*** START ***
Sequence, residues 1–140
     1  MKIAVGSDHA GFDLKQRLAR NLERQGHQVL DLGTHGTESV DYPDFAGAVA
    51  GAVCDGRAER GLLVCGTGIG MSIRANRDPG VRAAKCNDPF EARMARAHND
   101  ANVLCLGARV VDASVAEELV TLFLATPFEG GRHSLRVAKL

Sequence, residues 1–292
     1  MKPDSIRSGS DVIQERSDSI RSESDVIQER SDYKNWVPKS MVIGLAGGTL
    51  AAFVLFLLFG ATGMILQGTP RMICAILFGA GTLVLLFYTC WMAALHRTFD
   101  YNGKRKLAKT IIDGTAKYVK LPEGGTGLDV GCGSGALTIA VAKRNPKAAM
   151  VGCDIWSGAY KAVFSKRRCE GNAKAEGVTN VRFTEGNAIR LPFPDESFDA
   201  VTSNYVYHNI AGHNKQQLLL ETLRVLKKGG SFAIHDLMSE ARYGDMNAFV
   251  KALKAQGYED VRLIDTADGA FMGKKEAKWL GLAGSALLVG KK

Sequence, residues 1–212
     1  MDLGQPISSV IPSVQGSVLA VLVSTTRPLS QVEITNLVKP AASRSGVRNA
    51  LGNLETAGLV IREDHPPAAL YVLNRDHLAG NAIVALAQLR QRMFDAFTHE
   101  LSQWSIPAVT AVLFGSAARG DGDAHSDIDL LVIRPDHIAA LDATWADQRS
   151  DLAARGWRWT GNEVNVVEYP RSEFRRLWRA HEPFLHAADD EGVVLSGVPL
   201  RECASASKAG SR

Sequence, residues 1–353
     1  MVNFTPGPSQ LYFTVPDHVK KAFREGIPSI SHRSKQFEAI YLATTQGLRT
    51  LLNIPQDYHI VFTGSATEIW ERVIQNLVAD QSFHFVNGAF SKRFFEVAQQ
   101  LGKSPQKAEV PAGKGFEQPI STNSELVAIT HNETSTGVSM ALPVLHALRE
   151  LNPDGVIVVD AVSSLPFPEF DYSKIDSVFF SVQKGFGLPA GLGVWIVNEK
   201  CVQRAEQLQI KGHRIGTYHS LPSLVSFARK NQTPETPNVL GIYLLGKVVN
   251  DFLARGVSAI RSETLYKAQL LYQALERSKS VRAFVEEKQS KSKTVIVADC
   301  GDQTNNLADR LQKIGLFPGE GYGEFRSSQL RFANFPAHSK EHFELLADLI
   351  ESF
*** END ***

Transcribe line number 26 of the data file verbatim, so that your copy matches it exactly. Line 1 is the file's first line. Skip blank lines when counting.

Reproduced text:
   351  ESF